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Earth Science

Transition Metal Catalysts Could Be Key To Origin of Life 145

An anonymous reader writes "One of the big, unsolved problems in explaining how life arose on Earth is a chicken-and-egg paradox: How could the basic biochemicals — such as amino acids and nucleotides — have arisen before the biological catalysts (proteins or ribozymes) existed to carry out their formation? In a paper appearing in the current issue of The Biological Bulletin, scientists propose that a third type of catalyst could have jumpstarted metabolism and life itself, deep in hydrothermal ocean vents."
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Transition Metal Catalysts Could Be Key To Origin of Life

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  • by Black Parrot ( 19622 ) on Sunday September 05, 2010 @08:22PM (#33484638)

    But materialists have just as much of an agenda as the creationists, which is why we're subjected to this crap about life emerging from a chemical soup.

    If by "materialists" you mean "scientists", then your claim is true.

    But the two agendas are very different: scientists are trying to figure out what has happened and how stuff works, and creationists are trying to defend an ancient tradition about what has happened and how stuff works.

    As for the L-Field... are you suggesting that electromagnetism has a non-material cause?

  • by martin-boundary ( 547041 ) on Sunday September 05, 2010 @11:52PM (#33485732)
    Uhm, "God" does not exist. In fact, there's no widely accepted definition of the term that's free of contradictions. It's just a word that's a placeholder for broken thinking.
  • by Chrononium ( 925164 ) on Sunday September 05, 2010 @11:53PM (#33485744)

    The philosophy of science, like any philosophy, impacts how a person understands the subject. You can go really wrong if you try to supplant the philosophy with another (e.g. Creationism), but it is important to understand why science has worked so well. It isn't that science necessarily rejects anything metaphysical (such as causality, at least up to quantum physics), but simply minimizes the metaphysical requirements of any theory, since science is supposed to be experimentally verifiable. This is a good way to work, since no reasonable arguments can arise without some way to resolve them ultimately. It is important, however, to distinguish between the evidence and the interpretation of that evidence (theory!). The evidence never, ever, ever explains itself, since that requires some metaphysical interpolation (e.g., invoking objective reality, objective truth, integrity of the senses, perhaps causality, etc.).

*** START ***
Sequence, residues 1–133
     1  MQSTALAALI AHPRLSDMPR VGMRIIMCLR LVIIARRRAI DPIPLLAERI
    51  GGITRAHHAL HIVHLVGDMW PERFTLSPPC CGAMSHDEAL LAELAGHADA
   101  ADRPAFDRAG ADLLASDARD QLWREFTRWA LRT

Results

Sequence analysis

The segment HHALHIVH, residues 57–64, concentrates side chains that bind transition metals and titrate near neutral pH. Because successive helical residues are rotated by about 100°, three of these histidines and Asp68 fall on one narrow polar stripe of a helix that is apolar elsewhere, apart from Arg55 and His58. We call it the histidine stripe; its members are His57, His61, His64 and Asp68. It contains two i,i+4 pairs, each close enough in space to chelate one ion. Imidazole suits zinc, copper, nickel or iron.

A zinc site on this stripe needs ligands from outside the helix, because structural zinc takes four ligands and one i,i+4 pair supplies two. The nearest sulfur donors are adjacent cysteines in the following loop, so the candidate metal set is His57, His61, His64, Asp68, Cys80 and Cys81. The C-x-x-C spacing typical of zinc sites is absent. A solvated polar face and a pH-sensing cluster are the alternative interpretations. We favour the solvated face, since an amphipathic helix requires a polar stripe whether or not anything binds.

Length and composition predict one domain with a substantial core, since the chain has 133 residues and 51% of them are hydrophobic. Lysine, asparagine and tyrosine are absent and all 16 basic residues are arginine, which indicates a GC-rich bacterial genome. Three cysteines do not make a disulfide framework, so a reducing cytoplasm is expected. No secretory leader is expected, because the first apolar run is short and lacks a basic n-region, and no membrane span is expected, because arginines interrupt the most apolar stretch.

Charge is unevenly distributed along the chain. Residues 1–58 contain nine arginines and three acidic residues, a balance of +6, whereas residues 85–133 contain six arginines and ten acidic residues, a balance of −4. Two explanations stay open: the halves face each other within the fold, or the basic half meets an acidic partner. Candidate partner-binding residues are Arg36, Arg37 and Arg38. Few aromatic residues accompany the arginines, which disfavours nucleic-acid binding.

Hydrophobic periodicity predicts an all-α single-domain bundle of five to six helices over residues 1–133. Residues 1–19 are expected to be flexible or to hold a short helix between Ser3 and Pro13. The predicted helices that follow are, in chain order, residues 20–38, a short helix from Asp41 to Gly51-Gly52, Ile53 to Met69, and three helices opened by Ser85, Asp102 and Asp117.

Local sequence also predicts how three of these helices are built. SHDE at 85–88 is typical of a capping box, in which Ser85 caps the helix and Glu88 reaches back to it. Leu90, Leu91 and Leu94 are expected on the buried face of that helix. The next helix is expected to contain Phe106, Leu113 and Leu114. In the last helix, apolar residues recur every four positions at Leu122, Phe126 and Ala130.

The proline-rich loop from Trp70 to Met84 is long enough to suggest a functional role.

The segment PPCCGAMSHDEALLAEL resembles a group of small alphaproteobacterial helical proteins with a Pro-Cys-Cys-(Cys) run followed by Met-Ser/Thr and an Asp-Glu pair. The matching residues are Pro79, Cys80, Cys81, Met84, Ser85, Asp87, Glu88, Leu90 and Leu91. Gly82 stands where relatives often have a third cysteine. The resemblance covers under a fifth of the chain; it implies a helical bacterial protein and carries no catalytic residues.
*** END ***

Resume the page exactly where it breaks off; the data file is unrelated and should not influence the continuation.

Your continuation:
I agree with most of your comments, except that philosophy does not equal history and science is more than a black box model. Indeed, a great temptation in science, especially the venerable physics, is to consider it simply as mathematical modeling. I have found throughout my doctorate the most useful theories are the ones which attempt to give a non-mathematical description of how the universe works in some particular way. In my field, numerical simulations are entirely possible for some complex situations, but one cannot be considered an expert if one simply presses a button to execute a mathematical model. In my opinion (as an engineer), the real test of a scientific theory is whether it can be used for a realistic engineering application. The typical engineering application requires one to assume a vast amount about the problem at hand and therefore becomes a tedious, uninspired exercise if only mathematical models are used to engineer the device. Whether we are ultimately describing epicycles or true orbits can make a really big difference in the difficulty and expense of the engineered device (imagine designing a satellite to keep up with the motions of the planets if they really moved in epicycles!). The closer we are to completely explaining a physical event means that we have a closer mental model of reality, which is the real pursuit of science.

    That said, I am unfamiliar with any necessary interpretations which quantum mechanics places on the student that forces a particular metaphysical result on the question of the existence of God. References?

Doubt isn't the opposite of faith; it is an element of faith. - Paul Tillich, German theologian and historian